UH Grad Student Sruthi Thekkiam Named the 2010 Tagore Scholar at UH
Tagore Initial Report
I want to begin by again thanking the Tagore Society for allowing me this opportunity. I also want to thank a few people whose assistance and kindness I would not have managed. Partha Sengupta and his sister and brother-in-law Supriya and Sekhar Roy helped me find housing, Krishna and Monoj Dutta in whose home I stayed and for introducing me to contacts in Santiniketan. All of these people took me under their wings and treated me like family. I also want to thank Dipankar Roy, an English professor of Tagore’s fiction at Visva-Bharati University, Dr. Aboul-Ela, my project mentor at the University of Houston, and Dr. Herendeen the English department chair at University of Houston.
In Kolkata I researched in Calcutta University’s library and in the Comparative Literature Library at Jadavpur University. I toured Rabindra Bharti in Joransko and Supria and Sekhar Roy showed me the sights around Kolkata, such as the Victoria Memorial and the riverside. They also introduced me to a circle of artists and professors with whom I discussed Tagore’s art, mission, and role in Bengal. We discussed the issues of the day, how they are still reflected in art, and how art can initiate social awareness and social change, a key element in Tagore’s writing.
In Santiniketan, I met with professors at Visva-Bharatia University, visited Pous Mela, toured the Santiniketan Society of Visual Art and Design, studied in the Tagore Center library, toured Rabindra-Bhavana, Visva-Bharati’s campuses, and Pearson Pali. The contacts I made through Krishna Dutta allowed me access to areas in Tagore’s home that are closed to the public, Tagore’s drawing room, his daughter’s bedroom, and his dining room, in which I had tea. I was in awe.
While I consulted many texts, the most useful texts from the various university libraries were:
- Dutta, Krishna and Andrew Robinson, Rabindranath Tagore: The Myriad-Minded Man
- Gupta, Kalyan Sen. The Philosophy of Rabindranath Tagore.
- Kripalani, Krishna. Rabindranath Tagore: A Biography.
- Raj, G.V, Tagore: The Novelist New Delhi: Sterling PPL 1983
- Thompson, Edward, Rabindranath Tagore: A Centenary Volume
My initial interest in Tagore came through learning about this scholarship. While researching Tagore, I noticed that his life and work followed key Romantic ideologies. As I continued to read, I saw how Tagore’s literature includes aspects of British Romanticism, but he shifts these elements, transforming them to fit the crisis in culture that is specific to India’s political, social, and economic climate. While I started by reading Tagore’s poetry, I was more drawn to his fiction. I read a collection of Tagore’s short stories, The Home and the World and Gora, but it was Gora, in particular, that most interested me. It is a work that illustrates Tagore’s theory that political institutions can interfere with and disrupt what would be a natural humanity, how systems that serve themselves rather than the people, systems that create economic divides, can contaminate what has the potential to be a utopian-like existence.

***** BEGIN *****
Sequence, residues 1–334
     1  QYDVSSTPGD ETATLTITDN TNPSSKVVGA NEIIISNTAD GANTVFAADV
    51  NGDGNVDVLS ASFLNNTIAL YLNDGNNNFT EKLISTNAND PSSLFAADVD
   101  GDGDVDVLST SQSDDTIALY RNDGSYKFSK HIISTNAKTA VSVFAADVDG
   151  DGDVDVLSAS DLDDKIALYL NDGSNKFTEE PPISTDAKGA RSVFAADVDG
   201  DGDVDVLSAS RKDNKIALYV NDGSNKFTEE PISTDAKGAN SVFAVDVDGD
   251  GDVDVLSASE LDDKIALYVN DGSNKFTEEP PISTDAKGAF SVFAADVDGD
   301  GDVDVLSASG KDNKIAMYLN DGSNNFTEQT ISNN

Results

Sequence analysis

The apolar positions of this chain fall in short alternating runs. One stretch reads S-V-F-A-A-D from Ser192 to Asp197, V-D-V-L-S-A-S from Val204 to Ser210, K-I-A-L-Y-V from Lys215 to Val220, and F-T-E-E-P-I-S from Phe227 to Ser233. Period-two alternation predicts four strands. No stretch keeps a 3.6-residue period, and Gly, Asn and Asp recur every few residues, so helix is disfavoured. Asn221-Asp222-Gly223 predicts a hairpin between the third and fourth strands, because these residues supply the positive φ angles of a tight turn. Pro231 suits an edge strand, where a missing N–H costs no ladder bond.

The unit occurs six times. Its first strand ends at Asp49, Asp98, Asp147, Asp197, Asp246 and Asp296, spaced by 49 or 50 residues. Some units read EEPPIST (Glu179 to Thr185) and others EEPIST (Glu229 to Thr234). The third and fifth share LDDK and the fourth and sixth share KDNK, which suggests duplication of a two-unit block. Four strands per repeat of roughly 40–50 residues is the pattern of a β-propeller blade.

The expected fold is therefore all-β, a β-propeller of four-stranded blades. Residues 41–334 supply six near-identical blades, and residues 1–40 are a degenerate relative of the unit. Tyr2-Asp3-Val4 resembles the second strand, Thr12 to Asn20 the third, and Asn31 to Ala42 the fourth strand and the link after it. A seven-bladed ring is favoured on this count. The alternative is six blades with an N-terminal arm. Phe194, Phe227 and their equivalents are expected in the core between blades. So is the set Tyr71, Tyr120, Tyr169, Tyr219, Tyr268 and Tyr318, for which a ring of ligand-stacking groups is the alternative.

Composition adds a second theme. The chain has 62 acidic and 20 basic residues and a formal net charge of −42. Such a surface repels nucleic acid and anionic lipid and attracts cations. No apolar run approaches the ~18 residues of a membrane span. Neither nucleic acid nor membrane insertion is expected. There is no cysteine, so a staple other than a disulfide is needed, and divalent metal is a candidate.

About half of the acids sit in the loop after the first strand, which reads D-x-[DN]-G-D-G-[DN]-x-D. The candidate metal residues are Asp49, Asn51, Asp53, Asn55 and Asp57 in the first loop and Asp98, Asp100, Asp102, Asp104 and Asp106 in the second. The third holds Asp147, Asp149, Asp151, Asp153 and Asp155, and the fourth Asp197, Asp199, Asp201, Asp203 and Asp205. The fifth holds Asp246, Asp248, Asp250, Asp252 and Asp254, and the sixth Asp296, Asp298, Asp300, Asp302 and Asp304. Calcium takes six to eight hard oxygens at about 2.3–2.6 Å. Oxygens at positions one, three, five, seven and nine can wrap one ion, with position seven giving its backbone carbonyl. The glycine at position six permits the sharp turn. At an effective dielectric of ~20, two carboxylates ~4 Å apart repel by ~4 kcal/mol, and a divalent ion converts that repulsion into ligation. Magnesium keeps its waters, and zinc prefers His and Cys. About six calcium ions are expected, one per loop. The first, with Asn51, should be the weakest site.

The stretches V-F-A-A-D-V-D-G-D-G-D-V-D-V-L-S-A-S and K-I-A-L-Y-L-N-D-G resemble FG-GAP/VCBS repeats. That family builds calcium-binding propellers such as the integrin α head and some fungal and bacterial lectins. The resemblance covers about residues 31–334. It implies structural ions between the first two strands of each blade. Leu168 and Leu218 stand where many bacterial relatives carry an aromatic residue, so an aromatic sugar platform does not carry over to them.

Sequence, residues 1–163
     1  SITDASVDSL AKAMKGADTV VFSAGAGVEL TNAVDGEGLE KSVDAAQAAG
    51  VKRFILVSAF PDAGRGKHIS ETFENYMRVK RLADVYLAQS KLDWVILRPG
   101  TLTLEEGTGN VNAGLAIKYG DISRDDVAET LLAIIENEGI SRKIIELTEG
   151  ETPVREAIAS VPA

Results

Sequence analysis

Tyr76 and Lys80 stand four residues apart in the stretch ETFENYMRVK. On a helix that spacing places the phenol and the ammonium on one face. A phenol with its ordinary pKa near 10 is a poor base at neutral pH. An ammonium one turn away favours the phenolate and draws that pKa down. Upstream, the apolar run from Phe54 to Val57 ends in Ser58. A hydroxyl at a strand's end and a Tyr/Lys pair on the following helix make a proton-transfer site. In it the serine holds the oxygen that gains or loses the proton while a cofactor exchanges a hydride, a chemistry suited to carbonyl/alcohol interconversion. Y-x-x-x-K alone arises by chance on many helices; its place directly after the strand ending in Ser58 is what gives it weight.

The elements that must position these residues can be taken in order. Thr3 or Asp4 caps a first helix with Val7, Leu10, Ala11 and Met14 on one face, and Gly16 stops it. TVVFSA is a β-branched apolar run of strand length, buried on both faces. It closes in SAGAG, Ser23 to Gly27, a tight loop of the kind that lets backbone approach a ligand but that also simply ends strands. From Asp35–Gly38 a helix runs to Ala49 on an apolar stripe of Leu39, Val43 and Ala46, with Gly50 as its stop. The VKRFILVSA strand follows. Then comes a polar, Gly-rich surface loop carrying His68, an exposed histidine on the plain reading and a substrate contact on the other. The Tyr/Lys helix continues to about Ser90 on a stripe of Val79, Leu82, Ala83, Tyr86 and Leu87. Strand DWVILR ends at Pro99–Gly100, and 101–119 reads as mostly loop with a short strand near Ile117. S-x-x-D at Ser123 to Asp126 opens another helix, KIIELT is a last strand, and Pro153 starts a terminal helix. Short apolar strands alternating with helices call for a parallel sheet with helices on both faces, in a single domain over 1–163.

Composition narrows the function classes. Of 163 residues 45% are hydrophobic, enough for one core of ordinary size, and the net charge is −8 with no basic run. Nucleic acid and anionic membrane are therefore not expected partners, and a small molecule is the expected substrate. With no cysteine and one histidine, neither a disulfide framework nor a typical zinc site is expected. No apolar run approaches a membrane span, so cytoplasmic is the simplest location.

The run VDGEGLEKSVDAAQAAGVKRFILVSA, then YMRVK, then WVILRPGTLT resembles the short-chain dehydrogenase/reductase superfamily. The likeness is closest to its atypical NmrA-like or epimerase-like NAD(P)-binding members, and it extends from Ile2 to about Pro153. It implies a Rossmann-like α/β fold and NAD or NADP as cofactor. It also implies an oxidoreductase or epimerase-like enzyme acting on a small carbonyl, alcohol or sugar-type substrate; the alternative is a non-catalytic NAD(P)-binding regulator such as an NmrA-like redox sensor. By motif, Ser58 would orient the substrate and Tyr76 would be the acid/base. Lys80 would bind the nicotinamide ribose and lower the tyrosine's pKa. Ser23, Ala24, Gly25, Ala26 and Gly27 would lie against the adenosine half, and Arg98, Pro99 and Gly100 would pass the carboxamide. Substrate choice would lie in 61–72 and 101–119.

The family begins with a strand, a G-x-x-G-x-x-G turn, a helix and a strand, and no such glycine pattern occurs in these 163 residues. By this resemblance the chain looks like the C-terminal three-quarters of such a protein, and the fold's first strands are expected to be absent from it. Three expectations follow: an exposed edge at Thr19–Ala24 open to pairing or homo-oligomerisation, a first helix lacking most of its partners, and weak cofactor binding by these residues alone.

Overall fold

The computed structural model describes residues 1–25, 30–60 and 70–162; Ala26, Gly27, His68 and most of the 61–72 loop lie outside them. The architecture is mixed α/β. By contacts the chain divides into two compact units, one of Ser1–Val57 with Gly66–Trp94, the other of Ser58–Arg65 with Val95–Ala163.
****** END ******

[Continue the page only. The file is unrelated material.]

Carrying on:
My research in India supported my idea that Tagore takes aspects of British Romanticism and transforms them to use them for his mission of progressing Indian society and culture. As I read, I narrowed to a specific Romantic figure, the Byronic Hero. In Gora, the title character, Gora, fits the description of the Byronic Hero, who is tortured, who tortures those around him because of his unrelenting ideologies, and whose distinctive physical presence signifies that he is unique. But unlike the British Byronic Hero, Gora does not die tortured and alone. He does not sacrifice others to fulfill his selfish goals. Instead, Tagore uses the powerful figure of the Byronic Hero to further his idea that when individuals live their lives by breaking from social constraints, they actually advance their society rather than harm it. As I write the final project, I will more fully develop these claims, and I will continue my research and writing through this semester and into the summer and will have the final project completed by August 2013.
One of the most important findings goes beyond the Romanticism project though. It occurred when reading Tagore’s journals and letters and in the midst of my interactions with the artists and professors. I realized that beyond sharing Tagore’s ideas on art and society, I genuinely liked Tagore and would have liked to know him. Making such a powerful connection with a man who died decades before I was born, who lived across the globe from me, and making such powerful connections with my new friends in India, with whom I am still in contact, and with whom I would trust with my life, truly embodies Tagore’s vision of a union between the East and the West.